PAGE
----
The thing about being a trendsetting artist is that work that defies the norm isn’t always understood in its time. Once the ground is broken, once an idea or an aesthetic becomes palatable, it’s destined to become trendy, which means it’s time for it to die so the cycle can begin again.
Such was the case for Lana Del Rey’s seminal Born To Die, received with middling reviews by critics upon its release on January 27th, 2012, but rapturously by certain demographics. Del Rey became the queen of indie sad kids, a purveyor of melodrama, and the patron saint of tragic romance.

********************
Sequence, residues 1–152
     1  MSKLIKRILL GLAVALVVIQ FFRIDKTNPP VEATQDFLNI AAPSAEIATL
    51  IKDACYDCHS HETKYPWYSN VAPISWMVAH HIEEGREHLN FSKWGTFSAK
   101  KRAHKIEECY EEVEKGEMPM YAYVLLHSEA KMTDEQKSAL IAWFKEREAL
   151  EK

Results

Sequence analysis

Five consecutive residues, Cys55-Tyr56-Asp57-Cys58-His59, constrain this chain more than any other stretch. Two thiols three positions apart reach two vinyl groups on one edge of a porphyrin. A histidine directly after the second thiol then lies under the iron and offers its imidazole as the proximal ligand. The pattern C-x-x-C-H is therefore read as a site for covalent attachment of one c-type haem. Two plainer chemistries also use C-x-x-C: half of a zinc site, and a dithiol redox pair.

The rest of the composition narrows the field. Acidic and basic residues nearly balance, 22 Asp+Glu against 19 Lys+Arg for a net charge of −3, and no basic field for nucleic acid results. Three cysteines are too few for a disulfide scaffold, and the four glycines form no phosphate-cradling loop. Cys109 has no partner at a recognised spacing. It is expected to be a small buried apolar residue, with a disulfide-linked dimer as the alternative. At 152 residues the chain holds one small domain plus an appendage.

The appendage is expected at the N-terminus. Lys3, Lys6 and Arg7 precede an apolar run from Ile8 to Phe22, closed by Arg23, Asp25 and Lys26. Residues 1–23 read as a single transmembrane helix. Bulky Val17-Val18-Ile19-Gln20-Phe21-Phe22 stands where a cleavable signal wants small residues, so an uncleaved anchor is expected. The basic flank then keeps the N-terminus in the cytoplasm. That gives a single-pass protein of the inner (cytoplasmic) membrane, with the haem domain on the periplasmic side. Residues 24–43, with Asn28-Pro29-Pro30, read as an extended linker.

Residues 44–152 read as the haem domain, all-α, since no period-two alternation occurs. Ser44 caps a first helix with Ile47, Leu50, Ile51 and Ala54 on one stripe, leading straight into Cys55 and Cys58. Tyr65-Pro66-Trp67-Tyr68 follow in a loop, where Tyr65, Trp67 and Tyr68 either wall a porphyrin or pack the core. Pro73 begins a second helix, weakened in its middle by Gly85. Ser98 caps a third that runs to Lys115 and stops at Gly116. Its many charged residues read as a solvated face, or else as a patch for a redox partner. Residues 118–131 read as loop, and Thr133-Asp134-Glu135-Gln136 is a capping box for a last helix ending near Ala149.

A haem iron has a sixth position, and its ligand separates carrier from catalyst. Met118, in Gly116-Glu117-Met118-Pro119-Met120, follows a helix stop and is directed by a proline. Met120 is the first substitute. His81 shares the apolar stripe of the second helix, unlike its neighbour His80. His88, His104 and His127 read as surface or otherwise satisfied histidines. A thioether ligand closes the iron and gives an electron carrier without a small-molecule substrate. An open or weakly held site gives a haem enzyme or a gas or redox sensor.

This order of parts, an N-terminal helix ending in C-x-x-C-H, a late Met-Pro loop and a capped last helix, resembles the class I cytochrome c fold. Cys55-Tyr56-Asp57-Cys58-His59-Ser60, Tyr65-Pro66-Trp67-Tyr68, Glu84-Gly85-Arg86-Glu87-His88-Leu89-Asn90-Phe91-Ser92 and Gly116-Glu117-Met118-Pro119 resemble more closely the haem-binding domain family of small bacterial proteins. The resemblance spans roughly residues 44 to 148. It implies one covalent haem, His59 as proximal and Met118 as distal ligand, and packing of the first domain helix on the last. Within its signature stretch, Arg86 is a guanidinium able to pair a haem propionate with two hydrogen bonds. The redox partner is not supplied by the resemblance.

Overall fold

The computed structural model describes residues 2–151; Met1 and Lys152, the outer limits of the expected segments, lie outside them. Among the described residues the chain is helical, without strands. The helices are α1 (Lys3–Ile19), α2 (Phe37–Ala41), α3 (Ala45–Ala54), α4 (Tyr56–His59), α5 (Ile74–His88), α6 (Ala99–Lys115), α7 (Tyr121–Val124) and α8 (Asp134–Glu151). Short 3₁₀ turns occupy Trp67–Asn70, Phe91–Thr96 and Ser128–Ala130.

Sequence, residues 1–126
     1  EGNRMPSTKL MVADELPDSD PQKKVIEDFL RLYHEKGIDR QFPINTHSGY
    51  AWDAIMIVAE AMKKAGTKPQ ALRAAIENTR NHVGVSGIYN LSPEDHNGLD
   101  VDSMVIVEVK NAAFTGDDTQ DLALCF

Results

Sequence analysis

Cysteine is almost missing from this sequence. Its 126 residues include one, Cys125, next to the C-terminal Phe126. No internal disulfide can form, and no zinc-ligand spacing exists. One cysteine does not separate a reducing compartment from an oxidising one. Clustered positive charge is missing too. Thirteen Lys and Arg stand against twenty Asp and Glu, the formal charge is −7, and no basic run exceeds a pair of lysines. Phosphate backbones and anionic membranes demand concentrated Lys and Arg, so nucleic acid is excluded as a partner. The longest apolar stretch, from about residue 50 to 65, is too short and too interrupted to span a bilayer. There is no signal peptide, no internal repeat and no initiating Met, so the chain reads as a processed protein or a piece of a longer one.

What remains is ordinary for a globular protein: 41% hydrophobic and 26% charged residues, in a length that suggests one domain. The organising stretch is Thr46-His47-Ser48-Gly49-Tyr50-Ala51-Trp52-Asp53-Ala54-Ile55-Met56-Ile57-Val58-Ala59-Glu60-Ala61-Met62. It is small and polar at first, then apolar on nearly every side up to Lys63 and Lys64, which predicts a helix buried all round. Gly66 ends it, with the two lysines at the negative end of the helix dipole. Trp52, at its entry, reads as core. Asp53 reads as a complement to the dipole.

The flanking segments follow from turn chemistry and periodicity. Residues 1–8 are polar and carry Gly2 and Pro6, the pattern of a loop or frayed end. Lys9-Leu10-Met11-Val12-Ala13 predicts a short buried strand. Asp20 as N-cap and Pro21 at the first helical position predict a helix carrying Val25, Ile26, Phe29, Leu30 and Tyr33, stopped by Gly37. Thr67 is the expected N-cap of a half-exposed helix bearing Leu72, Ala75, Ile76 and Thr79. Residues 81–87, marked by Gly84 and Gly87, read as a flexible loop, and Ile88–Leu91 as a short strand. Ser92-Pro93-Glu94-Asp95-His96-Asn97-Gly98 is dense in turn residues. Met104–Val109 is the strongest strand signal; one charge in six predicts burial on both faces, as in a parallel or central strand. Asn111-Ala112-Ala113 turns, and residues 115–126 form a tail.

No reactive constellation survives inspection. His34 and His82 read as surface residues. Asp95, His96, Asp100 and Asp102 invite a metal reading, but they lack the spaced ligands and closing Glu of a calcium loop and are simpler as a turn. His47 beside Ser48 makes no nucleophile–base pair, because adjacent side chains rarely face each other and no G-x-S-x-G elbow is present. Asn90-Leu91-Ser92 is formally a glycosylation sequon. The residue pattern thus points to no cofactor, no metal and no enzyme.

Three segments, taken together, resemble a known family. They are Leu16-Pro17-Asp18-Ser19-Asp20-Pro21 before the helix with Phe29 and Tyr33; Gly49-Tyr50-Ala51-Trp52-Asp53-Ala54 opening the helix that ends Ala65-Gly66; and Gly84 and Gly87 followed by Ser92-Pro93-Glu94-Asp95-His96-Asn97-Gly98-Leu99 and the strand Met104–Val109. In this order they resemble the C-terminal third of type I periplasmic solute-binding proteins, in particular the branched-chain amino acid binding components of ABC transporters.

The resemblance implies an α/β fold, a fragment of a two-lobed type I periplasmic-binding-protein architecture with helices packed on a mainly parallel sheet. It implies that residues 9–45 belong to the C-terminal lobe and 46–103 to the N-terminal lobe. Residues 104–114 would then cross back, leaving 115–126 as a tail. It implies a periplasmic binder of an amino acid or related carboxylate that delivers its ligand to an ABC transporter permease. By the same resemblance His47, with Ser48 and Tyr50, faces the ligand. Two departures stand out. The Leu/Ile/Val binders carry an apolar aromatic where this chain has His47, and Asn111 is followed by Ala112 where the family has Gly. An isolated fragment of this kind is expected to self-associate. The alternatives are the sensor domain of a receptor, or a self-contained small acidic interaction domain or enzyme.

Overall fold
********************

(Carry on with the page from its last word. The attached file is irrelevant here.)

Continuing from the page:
Here, a decade later, it’s far easier to look back and see how Lana Del Rey, and Born To Die in particular, shifted the trajectory of pop music, alternative airwaves, and indie playlists. The album proved that there was a place for nuanced theatrics, and that tapping into such a space isn’t only emotional but profitable, too.
The viral success of “Video Games” melted into the sleeper hit “Summertime Sadness,” and the album introduced the world properly to the dark fantasy that is the character of Lana Del Rey. Born To Die isn’t her magnum opus (that would be Norman Fucking Rockwell!), nor is it how many non-fans would identify her (“Young and Beautiful”) — but it was the collection that started it all.